Sometimes coincidence has a habit of making you smile.

And it seemed like a wonderful piece of happenstance that I was mired halfway through Herman Melville’s magnum opus, ’Moby Dick’ the same week that I was due to visit Platterform’s newest extravaganza – the nautically-themed ‘Sea Adventure Series.’

 

Ensconced within their new home on the roof of the Hothouse, Hackney, the white-washed staircase leads upwards into a carefully adorned, thoughtfully designed space that does its absolute best to make you feel out at sea.

For this leg of Platterform’s voyage, we found ourselves at full steam through the Northwest Passage. With this stop in port labelled as ‘Made in Mist’, our rations and supplements are supplied by the venerate galley commandants of Yorkston Smoke House. On arrival we’re swiftly bustled off by the proprietor; Julian, who enthusiastically showcases his cold-smoker, housed in a repurposed wardrobe out on the “ship’s” deck.

Resembling less of a taciturn Captain Ahab, and more of a gleeful Jack Sparrow, Julian swiftly wraps into the bosom of the venue. Projectors drape the walls with the fresco of an old 1800s steamship that makes you feel as if you’re just pulling out of Nantucket, waiting for the waves to wrap around you. A few slightly gimmicky, but comforting pieces of salt-water paraphernalia hung in rickety fashion around the mocked up galley, a nice touch being a wide selection of board games, including party piece ‘Battleshots’ for the brave; I’ll allow you to fill in the hits and misses. Comfortable, weathered leather seats with generously supplied blankets gave the entire venue a cosy, inclusive feel, complimented by the warmth of the staff themselves.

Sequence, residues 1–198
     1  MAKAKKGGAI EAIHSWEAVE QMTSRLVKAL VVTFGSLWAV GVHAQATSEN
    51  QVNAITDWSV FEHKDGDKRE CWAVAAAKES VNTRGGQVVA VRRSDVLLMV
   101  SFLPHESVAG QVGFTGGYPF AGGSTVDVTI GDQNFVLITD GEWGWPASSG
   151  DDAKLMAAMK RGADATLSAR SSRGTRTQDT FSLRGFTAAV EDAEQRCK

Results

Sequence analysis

A towering dreadlocked pirate delivered our drinks; my partner chooses to sample the Python-tribute “A Fish Called Wonder”, a gin-based cocktail with a lovely, tart bite, thoughtfully adorned with a hibiscus anemone, while I contented myself with the “Zissou Sour”, a pungent twist on an old classic made with mescal, absinthe, manzanilla sherry and topped with a frothy helmet of sea salt foam.

After a brief debacle with a telescope and a fervent discussion with our looming privateer as to the correct shanty for our secondary round of grog, the first course is hauled up from the bowels of the ship and presented to us. The centrepiece is the alder and sweet chestnut smoked salmon, with an errant crew of pickled beetroot, three hefty chunks of soda bread and a pat of dill butter in support. The somewhat frigid temperatures of our mid-February visit leaves the butter somewhat too hard to spread, but that did little to diminish the salmon, whose quality shines through on its own. Sweet, delicate, melt in the mouth, it is everything that you could expect from an artisanal version of a classic delicacy, the smooth flavour of the wood counterpointed by the sharp taste of the beetroot accompaniment. The highlight of the course however, requires brief clarification from the waiter as to whether it is edible or not. Balanced delicately atop the presented vessel was a thin, wavering slice of salmon crackling. Crisped to perfection, and decadently salted, it provided a perfect counterpoint to the strong taste of the salmon and beetroot, and was an unexpected treat.